BOGOTA, COLOMBIA, AUG. 7 -- Cesar Gaviria Trujillo assumed the presidency today under tight security, vowing to coordinate personally the fight against cocaine terrorism but demanding greater international efforts to control the consumption of cocaine, money laundering and arms smuggling.
The 43-year-old economist of the Liberal Party was inaugurated at a ceremony in a small plaza outside the Narino Palace, with 1,200 guests from 87 countries, including five heads of state and Vice President Dan Quayle. Gaviria, the heads of state and Quayle sat on a raised platform surrounded by bullet-proof glass.
Sharpshooters lined the surrounding rooftops. Thousands of troops, along with tanks and armored personnel carriers patrolled the streets, and helicopters buzzed overhead.
"Narco-terrorism today is the principal threat to our democracy, and we will face it without making concessions," Gaviria said in his inaugural address. "There is no other way to eradicate from Colombian life the assassinations, the hundreds of dead from car bombs . . . and the police gunned down on the streets of Medellin."
"Because leadership of this struggle cannot be delegated, the president of the republic will lead the actions . . . to defeat the terrorists and end these barbaric acts," said Gaviria, whose term runs four years. "The job of strengthening our intelligence and having true leadership in this field cannot be delayed, and will be carried out under my personal direction."
Three presidential candidates were killed during the campaign, allegedly by the Medellin cocaine cartel.
Gaviria takes over from fellow Liberal Virgilio Barco, who won praise for his strong stand against cocaine traffickers, including the use of extradition, a policy Gaviria said he would continue until Colombia's justice system is strengthened through his proposed programs of special tribunals of anonymous judges and high-security prisons to handle terrorists.
"Extradition cannot be the only, or principal instrument in fighting drug trafficking," Gaviria warned. "It is a tool to be used at the discretion of the executive branch."
"While narco-terrorism is our problem, drug trafficking is an international phenomenon that can only be dealt with by joint actions of the affected nations," Gaviria said. "We expect more of industrialized nations, not just against consumption, but with tighter controls over money laundering, arms trafficking, distribution networks, precursor chemicals and coca leaf production."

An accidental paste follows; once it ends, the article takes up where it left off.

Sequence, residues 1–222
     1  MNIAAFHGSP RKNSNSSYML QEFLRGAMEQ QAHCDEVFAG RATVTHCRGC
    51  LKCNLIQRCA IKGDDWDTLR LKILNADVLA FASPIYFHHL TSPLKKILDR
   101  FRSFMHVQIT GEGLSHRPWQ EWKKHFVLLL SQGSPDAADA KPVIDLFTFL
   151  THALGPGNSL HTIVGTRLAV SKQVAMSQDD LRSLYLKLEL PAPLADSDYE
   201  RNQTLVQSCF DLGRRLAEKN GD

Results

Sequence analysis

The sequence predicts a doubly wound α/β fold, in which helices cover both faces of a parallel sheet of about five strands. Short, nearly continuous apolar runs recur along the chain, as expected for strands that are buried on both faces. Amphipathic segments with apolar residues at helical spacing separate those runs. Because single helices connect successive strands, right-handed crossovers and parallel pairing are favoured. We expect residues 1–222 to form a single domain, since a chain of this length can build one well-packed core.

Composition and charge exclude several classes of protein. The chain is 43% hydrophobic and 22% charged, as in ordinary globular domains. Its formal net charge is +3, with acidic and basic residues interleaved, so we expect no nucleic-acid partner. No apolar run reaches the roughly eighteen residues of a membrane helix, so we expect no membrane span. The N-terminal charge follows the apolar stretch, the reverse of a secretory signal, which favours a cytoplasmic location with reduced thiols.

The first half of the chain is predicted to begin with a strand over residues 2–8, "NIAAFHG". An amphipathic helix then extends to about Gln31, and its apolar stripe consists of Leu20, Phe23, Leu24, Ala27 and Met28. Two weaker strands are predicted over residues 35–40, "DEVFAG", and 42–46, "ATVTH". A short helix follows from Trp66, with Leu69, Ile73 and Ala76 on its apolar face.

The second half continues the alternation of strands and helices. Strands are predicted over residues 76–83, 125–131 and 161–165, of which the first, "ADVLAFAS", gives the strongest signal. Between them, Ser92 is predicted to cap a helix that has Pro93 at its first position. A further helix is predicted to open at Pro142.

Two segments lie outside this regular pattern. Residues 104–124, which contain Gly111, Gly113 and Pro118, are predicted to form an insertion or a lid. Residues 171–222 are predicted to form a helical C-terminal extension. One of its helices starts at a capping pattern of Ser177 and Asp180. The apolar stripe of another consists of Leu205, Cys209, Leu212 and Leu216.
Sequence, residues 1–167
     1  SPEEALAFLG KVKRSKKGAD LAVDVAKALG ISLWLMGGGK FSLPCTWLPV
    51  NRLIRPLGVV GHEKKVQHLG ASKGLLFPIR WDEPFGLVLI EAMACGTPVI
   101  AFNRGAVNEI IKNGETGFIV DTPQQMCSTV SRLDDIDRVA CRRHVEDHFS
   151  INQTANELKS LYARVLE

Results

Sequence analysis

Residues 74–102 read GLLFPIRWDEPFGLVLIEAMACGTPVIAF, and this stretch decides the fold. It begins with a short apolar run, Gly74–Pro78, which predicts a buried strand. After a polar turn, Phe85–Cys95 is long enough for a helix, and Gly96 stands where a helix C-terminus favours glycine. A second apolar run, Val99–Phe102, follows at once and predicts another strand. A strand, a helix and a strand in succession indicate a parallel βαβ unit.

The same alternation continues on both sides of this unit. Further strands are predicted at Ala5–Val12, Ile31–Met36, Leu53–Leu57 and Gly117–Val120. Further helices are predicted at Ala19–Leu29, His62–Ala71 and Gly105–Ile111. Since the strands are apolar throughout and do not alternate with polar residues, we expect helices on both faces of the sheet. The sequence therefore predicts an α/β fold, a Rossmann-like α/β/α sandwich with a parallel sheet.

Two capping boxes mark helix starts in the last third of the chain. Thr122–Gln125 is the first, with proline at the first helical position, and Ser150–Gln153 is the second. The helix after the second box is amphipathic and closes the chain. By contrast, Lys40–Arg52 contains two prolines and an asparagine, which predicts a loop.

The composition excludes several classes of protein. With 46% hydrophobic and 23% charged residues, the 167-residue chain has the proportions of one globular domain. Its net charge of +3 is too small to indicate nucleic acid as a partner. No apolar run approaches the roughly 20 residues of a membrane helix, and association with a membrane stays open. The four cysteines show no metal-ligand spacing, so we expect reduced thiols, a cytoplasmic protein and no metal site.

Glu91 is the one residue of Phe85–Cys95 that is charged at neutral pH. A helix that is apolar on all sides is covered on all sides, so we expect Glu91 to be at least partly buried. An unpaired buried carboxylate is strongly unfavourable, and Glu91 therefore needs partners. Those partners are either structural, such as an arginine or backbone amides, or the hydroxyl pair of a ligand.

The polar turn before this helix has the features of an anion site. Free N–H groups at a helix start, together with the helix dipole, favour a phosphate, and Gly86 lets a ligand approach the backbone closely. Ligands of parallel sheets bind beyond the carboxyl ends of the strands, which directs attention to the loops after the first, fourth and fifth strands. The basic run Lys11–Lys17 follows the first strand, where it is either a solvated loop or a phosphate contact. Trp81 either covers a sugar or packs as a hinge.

Earlier in the day, Gaviria met with Quayle for an hour and reiterated his government's desire to maintain good relations with the United States.
Gaviria has chastised the United States for maintaining trade barriers against Colombia and said more trade, not economic or military aid, was what the country needed.
In a press conference after the meeting, Quayle said he had come "to show the strong importance that the United States places on continuing our partnership with Colombia."
Quayle said he had agreed to bilateral trade initiatives and said talks on implementation will begin no later than the first week of September.
Gaviria, who served as Barco's minister of finance and minister of interior, entered the race following the assassination of leading Liberal candidate Luis Carlos Galan, his political mentor.
He won only 48 percent of the vote in the May 27 elections, but he has generated high expectations among Colombians tired of the violence and eager for change. A poll of 1,981 people released by the El Espectador newspaper today showed that 85 percent were "optimistic" about the Gaviria government, and only 15 percent were pessimistic.
Gaviria's youth and well-known love of rock music, his 34-year-old wife and two small children, and the fact that most of his closest advisers are under 30 have served to mark this inauguration as a change of generations in Colombian politics.
Hoping to build a national consensus, Gaviria included four parties in his cabinet, including former M-19 guerrilla commander Antonio Navarro Wolf, who ran third in the presidential elections, as minister of health.